For most treasurers, having to manage cryptocurrency is a question of timing. While only a small proportion of companies already accept cryptocurrency, most recognize that this will change, perhaps in the very near future. And when it does, companies that are crypto-ready may have a competitive advantage over those that are not.
While the decision on whether to accept cryptocurrency will vary between companies, treasurers should at least work to understand the steps needed to be able to do so when the decision is made. Importantly, becoming crypto-ready is not as simple as just setting up another bank account. So, what needs to be done?
Establish new relationships. Cryptocurrency is processed through digital wallets, rather than traditional bank accounts. At present, few banks offer access to wallets, so treasurers will need to establish a new relationship with an organization that does.
Perform due diligence. Treasurers will need to perform detailed due diligence on the prospective partner, especially because crypto exchanges are not subject to the same level of regulatory oversight as banks.
Decide how to manage the wallets. Treasurers have a choice: to manage wallets in-house or outsource management to the crypto exchange. Because wallets are accessed via the use of private keys, managing wallets in-house requires a degree of internal IT support to both control access to the keys and protect the keys against loss. Outsourcing takes wallets out of the direct control of the company, meaning a greater counterparty exposure.
Decide whether to hold cryptocurrency. Because of some cryptocurrency’s potential price volatility, counterparty risk and accounting treatment (as cryptocurrency is considered a digital asset, rather than a traditional, or fiat, currency), many companies will choose not to hold cryptocurrency on their balance sheet. Instead, they will transact cryptocurrency receipts into fiat currency straightaway.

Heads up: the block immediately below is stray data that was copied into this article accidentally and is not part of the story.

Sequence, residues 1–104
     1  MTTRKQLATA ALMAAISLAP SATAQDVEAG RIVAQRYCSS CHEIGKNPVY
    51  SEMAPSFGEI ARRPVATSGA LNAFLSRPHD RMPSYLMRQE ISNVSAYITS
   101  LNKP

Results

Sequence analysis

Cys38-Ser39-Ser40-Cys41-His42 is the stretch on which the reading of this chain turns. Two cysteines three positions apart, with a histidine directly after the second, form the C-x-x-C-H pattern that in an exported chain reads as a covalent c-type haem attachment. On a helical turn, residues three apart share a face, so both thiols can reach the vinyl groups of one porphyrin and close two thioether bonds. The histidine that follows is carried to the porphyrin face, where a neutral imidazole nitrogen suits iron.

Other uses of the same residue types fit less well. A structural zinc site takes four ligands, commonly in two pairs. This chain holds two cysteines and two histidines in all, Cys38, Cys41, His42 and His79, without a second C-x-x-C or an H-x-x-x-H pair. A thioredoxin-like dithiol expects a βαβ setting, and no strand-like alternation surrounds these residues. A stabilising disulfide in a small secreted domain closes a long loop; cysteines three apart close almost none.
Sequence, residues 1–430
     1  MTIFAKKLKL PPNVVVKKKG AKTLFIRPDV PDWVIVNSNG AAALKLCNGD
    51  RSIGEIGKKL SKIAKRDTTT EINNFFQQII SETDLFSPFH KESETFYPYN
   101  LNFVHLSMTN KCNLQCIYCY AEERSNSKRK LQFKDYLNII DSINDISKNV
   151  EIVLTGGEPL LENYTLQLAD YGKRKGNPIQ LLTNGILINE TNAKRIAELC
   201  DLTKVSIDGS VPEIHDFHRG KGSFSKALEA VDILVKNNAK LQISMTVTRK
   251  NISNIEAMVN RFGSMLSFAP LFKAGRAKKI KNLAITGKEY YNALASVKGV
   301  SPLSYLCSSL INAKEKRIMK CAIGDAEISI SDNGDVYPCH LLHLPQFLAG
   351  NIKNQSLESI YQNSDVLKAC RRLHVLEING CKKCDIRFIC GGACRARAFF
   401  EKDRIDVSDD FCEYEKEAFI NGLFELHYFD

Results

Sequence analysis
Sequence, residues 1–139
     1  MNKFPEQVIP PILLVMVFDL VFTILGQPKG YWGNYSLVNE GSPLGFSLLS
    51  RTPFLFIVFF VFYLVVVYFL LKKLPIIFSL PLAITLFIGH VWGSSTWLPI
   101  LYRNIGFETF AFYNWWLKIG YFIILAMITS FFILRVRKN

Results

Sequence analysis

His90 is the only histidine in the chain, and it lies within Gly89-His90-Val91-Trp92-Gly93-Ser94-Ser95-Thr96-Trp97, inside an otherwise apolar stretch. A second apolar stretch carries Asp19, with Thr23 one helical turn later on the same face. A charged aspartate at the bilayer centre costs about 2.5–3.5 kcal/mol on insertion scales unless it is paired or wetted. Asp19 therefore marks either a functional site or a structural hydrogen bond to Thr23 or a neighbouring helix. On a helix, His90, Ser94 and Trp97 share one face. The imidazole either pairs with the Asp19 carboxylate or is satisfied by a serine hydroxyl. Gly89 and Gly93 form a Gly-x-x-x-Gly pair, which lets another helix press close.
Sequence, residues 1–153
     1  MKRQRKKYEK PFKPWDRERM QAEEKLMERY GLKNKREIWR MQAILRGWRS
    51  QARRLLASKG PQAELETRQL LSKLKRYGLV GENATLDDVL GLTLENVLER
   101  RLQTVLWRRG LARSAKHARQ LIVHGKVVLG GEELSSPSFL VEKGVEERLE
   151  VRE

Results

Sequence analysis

Manage internal partners. There are different tax, legal and accounting implications when holding and transacting in cryptocurrencies. Internal partners will need to understand and accept the risks before board-level approval is available.
Establish operating procedures. These will be dictated by the decisions on how the cryptocurrency will be managed and whether any cryptocurrency will be held.
Consider running a pilot project, if appropriate. A pilot project will help navigate the internal hurdles outlined above and will establish relationships with third parties that can be leveraged as business lines develop. Starting small, perhaps by issuing a few NFTs, will limit the financial risk but help treasury and the wider business understand the nature of the exposures, so risks can be addressed before the financial risks do become potentially significant.
Get auditor approval. Getting internal auditor approval for operating procedures will ensure they can be implemented when needed. Once a project has been implemented, whether as a pilot or not, external auditors will also review processes to ensure cryptocurrency is managed correctly.
Want to learn more? Check out the 2022 AFP Payments Guide to Cryptocurrency and Non-fungible Tokens for Corporate Payments, underwritten by MUFG.